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ABU GA – Broadcasters must build relationships with their audiences

Good journalism involves building relationships with one’s audiences, one of the world’s leading media ethicists told an ABU conference in Vietnam.

Aidan White, Director of the Ethical Journalism Network, gave the keynote address at a special seminar in the run-up to the ABU General Assembly in Hanoi.

The seminar – which was co-sponsored by the Friedrich Ebert Stiftung of Germany – looked at “Building Public Trust in Media: An Asia-Pacific Perspective”. 

Mr White said the media must work in partnership with their audiences to build trust. This involved rethinking acts of journalism, rebuilding its ethical base, an industry commitment to change, good governance with self-regulation and leadership from within journalism itself.

He said journalism’s conventions and standards were set out in more than 400 codes agreed at national and global level, and in respect for human rights. These too were agreed international standards such as the Universal Declaration of Human Rights, Convention on Civil and Political Rights and Regional Human Rights Instruments.

He reminded participants that journalism was not free speech – it was constrained expression. It worked in a framework of values, had purpose and was a public good.

There were ethical constraints such as truth, independence, impartiality, humanity and accountability, together with other constraints such as the Internet, a changing industry, political and social challenges including hate speech and intolerance. 

Mr White said it was important to tell stories in context, with truth, Independence, impartiality, humanity and accountability. He said journalists should avoid a “rush to publish”, be transparent and be accountable.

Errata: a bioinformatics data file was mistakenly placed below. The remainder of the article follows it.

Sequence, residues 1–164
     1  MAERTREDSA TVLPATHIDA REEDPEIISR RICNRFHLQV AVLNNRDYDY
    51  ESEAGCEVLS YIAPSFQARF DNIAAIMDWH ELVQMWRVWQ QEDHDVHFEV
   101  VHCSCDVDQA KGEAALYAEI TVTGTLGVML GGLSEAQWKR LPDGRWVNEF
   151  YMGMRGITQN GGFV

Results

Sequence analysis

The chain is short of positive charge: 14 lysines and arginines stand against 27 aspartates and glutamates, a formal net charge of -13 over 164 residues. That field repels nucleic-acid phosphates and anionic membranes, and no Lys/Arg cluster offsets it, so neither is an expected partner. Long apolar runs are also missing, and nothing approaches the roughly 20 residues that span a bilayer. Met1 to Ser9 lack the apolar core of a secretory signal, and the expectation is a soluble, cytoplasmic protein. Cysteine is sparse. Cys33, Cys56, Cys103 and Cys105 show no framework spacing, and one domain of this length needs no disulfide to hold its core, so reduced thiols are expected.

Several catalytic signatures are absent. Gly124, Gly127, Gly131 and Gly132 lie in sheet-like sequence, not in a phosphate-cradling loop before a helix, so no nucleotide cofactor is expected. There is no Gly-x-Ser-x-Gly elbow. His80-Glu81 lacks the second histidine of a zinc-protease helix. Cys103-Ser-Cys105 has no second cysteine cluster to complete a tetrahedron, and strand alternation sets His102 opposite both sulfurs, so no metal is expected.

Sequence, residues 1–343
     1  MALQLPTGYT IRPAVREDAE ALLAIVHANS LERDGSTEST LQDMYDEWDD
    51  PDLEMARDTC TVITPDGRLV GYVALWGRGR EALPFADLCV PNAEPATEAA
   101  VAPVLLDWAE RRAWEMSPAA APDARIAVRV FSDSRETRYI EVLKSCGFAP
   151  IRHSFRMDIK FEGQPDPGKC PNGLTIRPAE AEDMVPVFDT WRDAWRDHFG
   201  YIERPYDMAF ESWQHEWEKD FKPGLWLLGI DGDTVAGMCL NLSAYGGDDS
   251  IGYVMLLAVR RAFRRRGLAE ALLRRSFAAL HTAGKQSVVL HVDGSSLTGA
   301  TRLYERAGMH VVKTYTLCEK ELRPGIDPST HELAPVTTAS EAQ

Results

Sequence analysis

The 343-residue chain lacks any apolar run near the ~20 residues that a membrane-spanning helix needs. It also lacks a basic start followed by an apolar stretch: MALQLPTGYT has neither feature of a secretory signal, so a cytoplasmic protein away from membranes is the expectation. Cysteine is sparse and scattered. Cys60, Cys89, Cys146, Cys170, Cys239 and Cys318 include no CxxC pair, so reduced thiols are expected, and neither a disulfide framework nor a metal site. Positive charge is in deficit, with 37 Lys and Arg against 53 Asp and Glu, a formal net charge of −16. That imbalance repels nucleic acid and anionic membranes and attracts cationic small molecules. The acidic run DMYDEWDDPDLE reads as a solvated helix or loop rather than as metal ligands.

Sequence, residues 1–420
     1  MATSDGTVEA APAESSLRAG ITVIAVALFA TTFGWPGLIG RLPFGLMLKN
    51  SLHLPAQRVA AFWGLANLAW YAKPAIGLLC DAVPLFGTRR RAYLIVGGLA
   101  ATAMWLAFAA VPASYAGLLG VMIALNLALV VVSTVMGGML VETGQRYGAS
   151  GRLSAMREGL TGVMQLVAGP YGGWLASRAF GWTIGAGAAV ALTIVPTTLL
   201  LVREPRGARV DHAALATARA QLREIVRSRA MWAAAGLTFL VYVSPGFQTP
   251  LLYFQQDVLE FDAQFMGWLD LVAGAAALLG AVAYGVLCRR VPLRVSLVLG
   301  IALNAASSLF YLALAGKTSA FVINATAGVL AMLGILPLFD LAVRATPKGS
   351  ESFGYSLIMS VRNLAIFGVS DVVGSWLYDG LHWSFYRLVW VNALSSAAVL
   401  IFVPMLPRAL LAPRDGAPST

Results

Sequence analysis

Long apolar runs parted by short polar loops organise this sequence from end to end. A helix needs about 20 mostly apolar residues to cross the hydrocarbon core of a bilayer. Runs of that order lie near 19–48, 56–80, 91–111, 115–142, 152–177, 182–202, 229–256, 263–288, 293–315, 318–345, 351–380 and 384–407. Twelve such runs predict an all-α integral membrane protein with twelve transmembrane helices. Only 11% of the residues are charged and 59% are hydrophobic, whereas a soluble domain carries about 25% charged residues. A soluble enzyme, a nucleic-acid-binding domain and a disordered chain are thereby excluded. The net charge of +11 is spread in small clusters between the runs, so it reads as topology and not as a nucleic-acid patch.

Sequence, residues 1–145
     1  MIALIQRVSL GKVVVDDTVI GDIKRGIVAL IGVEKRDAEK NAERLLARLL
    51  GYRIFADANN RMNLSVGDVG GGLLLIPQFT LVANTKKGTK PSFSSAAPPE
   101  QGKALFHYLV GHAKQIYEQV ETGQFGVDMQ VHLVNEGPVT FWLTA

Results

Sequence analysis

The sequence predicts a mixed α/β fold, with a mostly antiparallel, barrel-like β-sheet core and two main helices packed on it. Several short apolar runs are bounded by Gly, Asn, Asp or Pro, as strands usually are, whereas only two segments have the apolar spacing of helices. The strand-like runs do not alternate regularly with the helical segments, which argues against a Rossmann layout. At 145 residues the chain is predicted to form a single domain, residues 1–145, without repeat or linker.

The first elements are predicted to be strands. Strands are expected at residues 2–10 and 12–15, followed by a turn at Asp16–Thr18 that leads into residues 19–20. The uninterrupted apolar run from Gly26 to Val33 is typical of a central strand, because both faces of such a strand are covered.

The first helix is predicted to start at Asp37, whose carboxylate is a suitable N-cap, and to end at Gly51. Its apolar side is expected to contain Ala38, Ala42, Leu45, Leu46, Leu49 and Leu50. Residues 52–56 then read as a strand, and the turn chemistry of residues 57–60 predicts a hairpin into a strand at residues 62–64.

He wrapped up his presentation with two sets of principles for self-regulation. Internally at company level these included mission statements and codes of conduct, good governance, transparency and responsiveness to concerns and complaints. Externally there were national structures such as industry-wide systems of self-regulation, political independence and a mix of professional and public representation on regulatory bodies. 

In her opening remarks, Ms Ta Bich Loan, Managing Director VTV 6 and Chair of the VTV Journalist Association, said new technological platforms were transforming the shape of the international media environment, and creating a broader, globally connected public sphere. 

Se Deuk Ahn, Director ABU News, said that to deal with the waves of change brought about by developments such as Social Network Service, broadcasters should return to basics, to those fundamental services and ethos based on public trust and support.

Klaus Bergmann, Director International Relations at Deutsche Welle, said that media and good governance was a challenging issue in every society, even in those countries with a democratic political system.

“The defence of media freedom continues to be a battle,” he said, “a battle of vigilance in the democracies of Europe and a battle against oppression and injustice in the totalitarian regimes still scattered across the globe.”

Ms Sabine Franze, Project Coordinator for FES, questioned how trustworthy news and information obtained from alternative media platforms were, without legislated rules and self-imposed professional ethics and standards.

“Do they really provide an alternative for citizens to make informed political decisions?” she asked. “How can or should public service broadcasting organisations make use of this information without endangering their credibility?”

Magdalene Kong, of UNI Global Union Asia & Pacific, said the media as the Fourth Estate needed to reinvent itself and be relevant and accountable to the citizenry it serves. It needed to open the space to incorporate new media into existing heritage media and to resist regulation that steers away from fundamental principles of universality, diversity, independence and impartiality, innovation, wide coverage, high technical quality and high production levels.